One of the most rewarding aspects of this course was the opportunity to assist with various programs or organizations in place to improve communities throughout South Africa. We have visited various schools and nurseries, known as crèches. All of these institutions were very different from what I am used to growing up with the privilege of an American education at top public schools. The class sizes were at least twice what I had grown up with and where my schools had shelves full of brand new books and computers, these classrooms had very few educational resources. Another major difference was the security measures taken by the schools and crèches. At the top of every fence, not only around the school but around many homes and other buildings, were barbed wire, electrical fencing, and intensely sharp spikes seemingly protecting the institutions from the surrounding area. The surrounding area of one crèche in particular was the township of Zwelithe. Just like many of the other townships we had visited, Zwelithe was filled with small homes made of scrap metal and the streets were lined with vendors trying to sell anything that they were able to get their hands on. Many of the homes in Zwelithe did not have electricity or running water, and the majority of the homes that did have electricity were stealing it from wires attached to stoplights or streetlights. But despite the evident hardships that the children of the crèche faced every day, their spirits were extremely high and their will to learn was incredible. We spent time with the children reading, drawing, playing, and preparing lunch for them and they rewarded us with beautiful songs and illuminating smiles.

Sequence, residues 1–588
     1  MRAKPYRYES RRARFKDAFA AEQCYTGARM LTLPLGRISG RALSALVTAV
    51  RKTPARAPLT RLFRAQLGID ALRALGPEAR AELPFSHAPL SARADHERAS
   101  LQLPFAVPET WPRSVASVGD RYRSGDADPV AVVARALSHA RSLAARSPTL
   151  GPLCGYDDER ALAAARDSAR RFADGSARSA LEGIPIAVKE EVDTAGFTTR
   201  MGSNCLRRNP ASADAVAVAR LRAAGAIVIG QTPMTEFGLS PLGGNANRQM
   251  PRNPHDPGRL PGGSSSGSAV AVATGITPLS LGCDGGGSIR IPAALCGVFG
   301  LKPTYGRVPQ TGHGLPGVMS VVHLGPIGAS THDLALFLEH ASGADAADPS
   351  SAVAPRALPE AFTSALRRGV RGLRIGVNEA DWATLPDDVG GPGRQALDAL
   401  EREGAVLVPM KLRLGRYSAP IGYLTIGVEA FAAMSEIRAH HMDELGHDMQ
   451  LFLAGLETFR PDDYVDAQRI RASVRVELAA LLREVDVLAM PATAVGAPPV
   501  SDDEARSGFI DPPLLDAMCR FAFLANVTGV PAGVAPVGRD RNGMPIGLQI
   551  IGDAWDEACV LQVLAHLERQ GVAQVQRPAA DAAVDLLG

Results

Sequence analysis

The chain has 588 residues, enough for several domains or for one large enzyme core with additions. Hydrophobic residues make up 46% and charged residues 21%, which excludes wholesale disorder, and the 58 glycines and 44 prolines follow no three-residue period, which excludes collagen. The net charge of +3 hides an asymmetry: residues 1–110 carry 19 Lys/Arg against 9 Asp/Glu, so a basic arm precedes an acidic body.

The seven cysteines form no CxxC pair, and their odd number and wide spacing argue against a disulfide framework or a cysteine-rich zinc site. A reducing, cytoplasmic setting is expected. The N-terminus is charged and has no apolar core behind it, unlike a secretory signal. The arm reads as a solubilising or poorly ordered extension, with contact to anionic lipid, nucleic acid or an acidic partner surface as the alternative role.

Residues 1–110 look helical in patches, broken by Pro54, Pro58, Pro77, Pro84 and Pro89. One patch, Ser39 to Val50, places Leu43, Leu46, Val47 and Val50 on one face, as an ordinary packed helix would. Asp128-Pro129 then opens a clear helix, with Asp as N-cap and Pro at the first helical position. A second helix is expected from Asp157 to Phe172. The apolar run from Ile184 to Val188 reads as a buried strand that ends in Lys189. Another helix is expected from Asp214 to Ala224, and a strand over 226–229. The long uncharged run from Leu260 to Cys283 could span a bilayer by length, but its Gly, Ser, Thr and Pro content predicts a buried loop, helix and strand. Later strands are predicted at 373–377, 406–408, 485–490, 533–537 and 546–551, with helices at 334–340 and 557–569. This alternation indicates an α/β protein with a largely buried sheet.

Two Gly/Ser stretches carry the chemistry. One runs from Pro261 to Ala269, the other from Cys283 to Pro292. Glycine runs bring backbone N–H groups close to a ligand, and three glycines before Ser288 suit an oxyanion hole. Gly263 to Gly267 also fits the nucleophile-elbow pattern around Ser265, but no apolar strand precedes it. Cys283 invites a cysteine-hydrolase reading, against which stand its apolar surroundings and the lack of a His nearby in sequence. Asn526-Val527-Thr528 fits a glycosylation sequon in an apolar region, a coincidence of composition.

Later that afternoon we traveled just minutes down the road to the world renowned whale-watching capital of the world, Hermanus. Hermanus was right on the water and offered wonderful restaurants and shops to go along with the beautiful scenery. We had lunch at one of the many upscale restaurants and were given some free time to walk around and see what Hermanus had to offer. In contrast to the shacks and cargo-vessels-turned-barber-shops of Zwelithe, Hermanus had fountains surrounded by statues of whales and informational signs. Instead of dirt roads and produce stands, Hermanus had brick sidewalks and parking lots outside of the column lined shops and restaurants. And instead of barbed wire lining the fences surrounding all of the buildings, Hermanus had large homes surrounded by tall walls and equipped with ADT security systems. Needless to say, the disparity in wealth between the residents of Zwelithe and their neighbors living in Hermanus was vast.
I can’t help but think that this enormous disparity of wealth is a lasting effect of apartheid. The fact that such an enormous economic difference exists in such close proximity and the racial correlation to the socioeconomic segregation shows very clearly that while apartheid is no longer written into the laws or constitution of South Africa, it certainly persists in the difference of opportunity between economic classes. This economic disparity contributes to a cycle of inequality, where the children from the poorer families do not get a good enough education and therefore have limited career choices and opportunity to break free from the grasp of poverty. Because of the cyclical nature of the inequality in the townships of South Africa, and the initial disparity of rights and opportunity set in place by the systems of apartheid, the black and colored citizens in South Africa are still today being discriminated against as a result of apartheid. Although apartheid in South Africa and segregation in the United States no longer exist in practice, when will the effects of segregation and racial discrimination no long plague society?